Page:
Changing How Business Works

Another disadvantage of the social media age is that businesses must change the traditional way in which they have conducted their business. “It is imperative for social media to be an integral part of a company’s overall strategy” (Qualman, 2010). With the advent of social media, businesses must adopt new positions within their organisations, upgrade technology and adapt new marketing strategies. This would require a large amount of investment in the business’s part to upgrade their business. It is also a risky venture to invest money into a new technology that may not be successful. Many new websites that jump on the social media bandwagon will not be the next Facebook. As websites such as Myspace and Friendster demonstrate that not all social media ventures are successful. Investing money into a social media website that is unsuccessful could be disastrous for businesses attempting to break into a new market.

A company such as Pepsi which has been around for decades has also had to evolve with the social media age. Social media is helping Pepsi gain insight about its consumers which it previously has not been able to do with the practices that they had previously attempted. “Pepsi bypassed a Super Bowl advertisement for the first time in 20 years in order to shift these millions of dollars into social media” (Qualman, 2010). The level of commitment towards social media from Pepsi demonstrates how business is shifting towards this new mode of media. In years past companies have spent millions of dollars on coveted Super Bowl advertisement spots as they know millions of people will be watching the game. Pepsi recognised that they would be able to reach these amounts of people through social media instead.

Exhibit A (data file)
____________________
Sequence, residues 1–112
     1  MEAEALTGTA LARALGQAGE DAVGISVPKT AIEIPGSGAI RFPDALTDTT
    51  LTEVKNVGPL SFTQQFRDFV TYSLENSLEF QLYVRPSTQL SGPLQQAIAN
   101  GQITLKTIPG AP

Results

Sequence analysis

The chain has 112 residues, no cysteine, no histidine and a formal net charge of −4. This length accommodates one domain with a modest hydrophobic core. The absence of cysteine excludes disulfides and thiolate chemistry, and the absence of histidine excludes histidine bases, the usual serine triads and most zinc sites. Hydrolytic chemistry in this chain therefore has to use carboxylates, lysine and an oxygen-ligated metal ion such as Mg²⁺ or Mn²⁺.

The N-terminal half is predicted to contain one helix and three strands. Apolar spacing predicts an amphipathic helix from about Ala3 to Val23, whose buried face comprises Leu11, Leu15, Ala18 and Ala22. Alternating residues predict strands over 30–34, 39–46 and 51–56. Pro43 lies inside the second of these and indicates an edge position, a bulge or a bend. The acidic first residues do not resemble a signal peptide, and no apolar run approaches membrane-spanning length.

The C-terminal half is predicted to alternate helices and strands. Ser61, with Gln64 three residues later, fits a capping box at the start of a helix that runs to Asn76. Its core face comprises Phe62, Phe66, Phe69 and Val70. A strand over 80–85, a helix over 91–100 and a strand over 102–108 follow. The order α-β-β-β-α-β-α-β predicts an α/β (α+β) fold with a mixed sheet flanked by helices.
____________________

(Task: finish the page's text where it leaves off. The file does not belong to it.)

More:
Pepsi has also begun to engage the consumer in the types of social media they use. Rather than utilise other social media websites to promote their product, Pepsi has converted its own website into a social media site. By allowing users to generate their own content on their site Pepsi allows its customers to be involved in the marketing of their product. Pepsi recognises the influences that people can have towards other individuals. While this has been a common conception held among marketing experts, social media demonstrates how much influence our friends and family can have on our buying habits and preferences. This new found understanding of the influence social media can have on other people is being replicated by other businesses who are changing their business models to adjust and adapt to be successful.